How to stop time by Matt Haig

I don’t know about you, but one of the mini-anxieties that bothers me a little before reading a book is whether I will like the characters in the book. I don’t care (anymore) whether I will be able to recognize someone in the character as my current “I”, past “I” or the desired “I”. I’m more worried about whether the characters will be interesting and original; will the mixture of their motives, personality traits, worldviews and circumstances be so fresh as to satisfy my curiosity which is getting easier and tired of stories that are, pardon my French, the same shit, different packaging.

Tom Hazard (what last name, huh?) calmed my fears in the first sentences of this book. Oh yeah. This is a man who has a Story – an amazing, exciting, very complex life story. A story that no one has told us so far. How do I know?


How many people do you know that have a biological age of over four hundred years?

One of the reasons people don’t know about us is that most people aren’t prepared to believe it.

How to stop time By Matt Haig

Tom Hazard was born in 1581 with, as it will soon turn out, a very unusual and very dangerous condition – Tom does not grow old. More precisely, it happens so slowly – fifteen times slower than the average man – that it soon begins to attract the attention of people who see nothing miraculous in his condition.

When you get the attention of such people, you have to run to survive. Before he realizes the price of his life, he realizes that the price has been paid and that he must flee, carrying with him a promise that is becoming increasingly difficult for him to keep.

Decades pass, centuries pass, and Tom slowly realizes that there will never really be a time when his condition will be accepted with favor. What many would see as a blessing, or what they secretly fantasize about, is actually penance that is hard — ever harder — to bear.

“You can’t run way from everyting.”

“You’re wrong. You can. You can run and run and run. You can run your entire life. You can run and change and keep running.”

How to stop tine by Matt Haig

What keeps Tom alive centuries later is not the unusual ability of his body, but the promises he once made to those he loved the most and a quest he simply can’t give up.

Tom is not alone. There are people like him and there is an organization that finds, gathers and helps such people every few years helps them find a new role, a new identity, a new life, before their environment notices that they are not physically changing while everyone else is getting older.

But as time goes on and as Tom’s search for answers intensifies, Tom will begin to wonder if he is really helped by the people he has unconditionally trusted, with no other family or other friends, or just their puppet held by thickly woven threads of fear?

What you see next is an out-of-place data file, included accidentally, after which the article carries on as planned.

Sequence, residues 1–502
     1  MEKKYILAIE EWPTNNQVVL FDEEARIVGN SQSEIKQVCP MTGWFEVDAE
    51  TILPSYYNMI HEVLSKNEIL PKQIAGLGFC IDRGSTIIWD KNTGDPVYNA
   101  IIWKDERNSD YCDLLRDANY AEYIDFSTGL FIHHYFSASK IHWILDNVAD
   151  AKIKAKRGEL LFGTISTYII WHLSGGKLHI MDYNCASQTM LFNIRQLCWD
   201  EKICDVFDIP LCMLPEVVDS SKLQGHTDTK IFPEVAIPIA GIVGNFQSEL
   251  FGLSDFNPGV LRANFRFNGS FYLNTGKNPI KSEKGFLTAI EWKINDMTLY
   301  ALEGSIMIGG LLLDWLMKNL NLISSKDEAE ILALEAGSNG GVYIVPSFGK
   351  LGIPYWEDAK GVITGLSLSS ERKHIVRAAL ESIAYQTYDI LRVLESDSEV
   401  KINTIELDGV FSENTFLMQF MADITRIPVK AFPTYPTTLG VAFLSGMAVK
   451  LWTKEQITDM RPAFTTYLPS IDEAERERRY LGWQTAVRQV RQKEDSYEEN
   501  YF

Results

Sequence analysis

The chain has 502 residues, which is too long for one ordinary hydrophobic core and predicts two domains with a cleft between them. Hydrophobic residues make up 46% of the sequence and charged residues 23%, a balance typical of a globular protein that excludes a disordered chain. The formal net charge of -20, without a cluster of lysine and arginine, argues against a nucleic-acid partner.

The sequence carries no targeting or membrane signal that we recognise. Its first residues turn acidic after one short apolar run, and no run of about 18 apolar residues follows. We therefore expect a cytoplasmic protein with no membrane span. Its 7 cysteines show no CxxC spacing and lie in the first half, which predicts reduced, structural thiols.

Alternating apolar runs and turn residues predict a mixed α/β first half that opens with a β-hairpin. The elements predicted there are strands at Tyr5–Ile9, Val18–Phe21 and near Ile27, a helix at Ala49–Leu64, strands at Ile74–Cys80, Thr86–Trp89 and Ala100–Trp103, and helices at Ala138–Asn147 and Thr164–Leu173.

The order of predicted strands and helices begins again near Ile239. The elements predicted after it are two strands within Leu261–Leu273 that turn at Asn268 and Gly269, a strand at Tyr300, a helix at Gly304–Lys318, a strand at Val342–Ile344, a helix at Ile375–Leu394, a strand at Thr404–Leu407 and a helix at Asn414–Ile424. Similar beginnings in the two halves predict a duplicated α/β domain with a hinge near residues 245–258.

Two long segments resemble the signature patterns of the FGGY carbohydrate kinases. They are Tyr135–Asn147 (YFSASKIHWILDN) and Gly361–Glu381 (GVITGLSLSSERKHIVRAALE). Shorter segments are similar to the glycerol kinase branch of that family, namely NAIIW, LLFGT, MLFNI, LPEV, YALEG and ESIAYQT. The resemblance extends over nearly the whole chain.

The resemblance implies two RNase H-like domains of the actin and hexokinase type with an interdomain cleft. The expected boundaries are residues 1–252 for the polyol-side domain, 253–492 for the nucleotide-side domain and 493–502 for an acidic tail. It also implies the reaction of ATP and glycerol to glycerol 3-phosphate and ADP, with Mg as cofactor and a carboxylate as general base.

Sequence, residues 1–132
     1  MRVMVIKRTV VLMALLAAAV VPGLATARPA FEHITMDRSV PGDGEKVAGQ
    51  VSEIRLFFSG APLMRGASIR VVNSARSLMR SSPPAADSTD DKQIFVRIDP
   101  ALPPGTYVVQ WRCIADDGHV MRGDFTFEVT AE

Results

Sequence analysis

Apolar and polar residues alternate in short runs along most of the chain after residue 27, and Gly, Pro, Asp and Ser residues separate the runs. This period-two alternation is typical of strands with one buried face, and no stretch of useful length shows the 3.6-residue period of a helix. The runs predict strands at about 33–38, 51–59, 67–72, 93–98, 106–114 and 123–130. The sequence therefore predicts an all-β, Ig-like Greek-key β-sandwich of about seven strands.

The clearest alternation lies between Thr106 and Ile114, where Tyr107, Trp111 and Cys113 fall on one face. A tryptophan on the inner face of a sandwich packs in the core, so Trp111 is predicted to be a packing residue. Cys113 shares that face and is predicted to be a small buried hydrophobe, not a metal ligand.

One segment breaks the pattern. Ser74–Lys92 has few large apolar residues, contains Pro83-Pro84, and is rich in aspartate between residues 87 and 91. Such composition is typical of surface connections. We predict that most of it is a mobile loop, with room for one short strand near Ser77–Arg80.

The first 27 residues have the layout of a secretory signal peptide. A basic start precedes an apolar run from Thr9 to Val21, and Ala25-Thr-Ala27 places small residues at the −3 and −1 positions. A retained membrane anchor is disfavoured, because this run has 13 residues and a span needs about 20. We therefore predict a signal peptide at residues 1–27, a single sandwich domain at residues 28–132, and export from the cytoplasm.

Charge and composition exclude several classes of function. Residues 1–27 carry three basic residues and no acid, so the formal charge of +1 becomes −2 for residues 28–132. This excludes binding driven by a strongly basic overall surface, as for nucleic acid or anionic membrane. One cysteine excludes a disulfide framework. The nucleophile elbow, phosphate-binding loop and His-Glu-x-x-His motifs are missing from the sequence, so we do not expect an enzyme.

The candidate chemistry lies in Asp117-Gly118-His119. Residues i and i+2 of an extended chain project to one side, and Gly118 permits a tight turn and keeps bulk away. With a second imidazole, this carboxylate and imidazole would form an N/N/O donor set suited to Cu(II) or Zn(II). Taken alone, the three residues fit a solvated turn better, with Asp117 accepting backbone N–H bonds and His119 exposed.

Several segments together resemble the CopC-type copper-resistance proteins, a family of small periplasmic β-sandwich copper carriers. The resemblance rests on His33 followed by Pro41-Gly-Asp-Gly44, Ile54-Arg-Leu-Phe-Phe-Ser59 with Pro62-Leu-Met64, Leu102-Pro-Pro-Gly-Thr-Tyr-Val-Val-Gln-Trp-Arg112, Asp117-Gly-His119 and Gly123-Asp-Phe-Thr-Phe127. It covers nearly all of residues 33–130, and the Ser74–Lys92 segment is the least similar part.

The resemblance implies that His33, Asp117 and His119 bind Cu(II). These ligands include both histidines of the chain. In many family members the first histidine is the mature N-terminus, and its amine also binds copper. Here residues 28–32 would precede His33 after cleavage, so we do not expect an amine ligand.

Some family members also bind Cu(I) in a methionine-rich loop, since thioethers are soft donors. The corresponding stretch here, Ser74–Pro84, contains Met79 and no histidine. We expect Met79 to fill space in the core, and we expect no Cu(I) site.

“There comes a time when the only way to start living is to tell the truth. To be who you really are, even if it is dangerous.”

How to stop time by Matt Haig

You who follow me know how much I have been absent and inactive as a book blogger in recent months. You who may only find me with this review, take a look at the date when the review was published before this one. Mhm. Well, I didn’t have that much time.

I read this book in a day and a half. Obligations reloaded a day and a half. At a time when I read an average of one book in ten days.

I’ve heard of Matt Haig before this title, but that something drew me to his books, it has not. I noticed this one, to be honest, because of the cover. I am a sucker for book covers.

This is an unusual book that jumps from the past to the present, so it jumps from genre to genre and it’s hard to place it somewhere. I love books like this when they are well written and well planned, and this book certainly is. Although, for example, I really liked Audrey Niffenegger’s book “The Time Traveler’s Woman”, it was a little harder for me to follow the jumps into the past and the future. In the book “How to stop time” I had no problem with that.

Although Tom Hazard travels back four hundred years through reminiscences and then takes us back to the “now and here” and although he can do so thanks to an ability that certainly belongs to science fiction, the topics he talks about are extremely important, be they universal or current.

“Life is an ultimate privilege.”

How to stop time by Matt Haig

One of the themes is that old man’s fantasy of eternal life – and if it can’t be eternal already, then at least it shouldn’t be so damn short. Living long and being young for a long time – isn’t that wonderful? Imagine what a man would get to try, what he would achieve? Probably fewer people would die regretting the things they always planned to do and didn’t. They would probably find it easier to come to terms with leaving.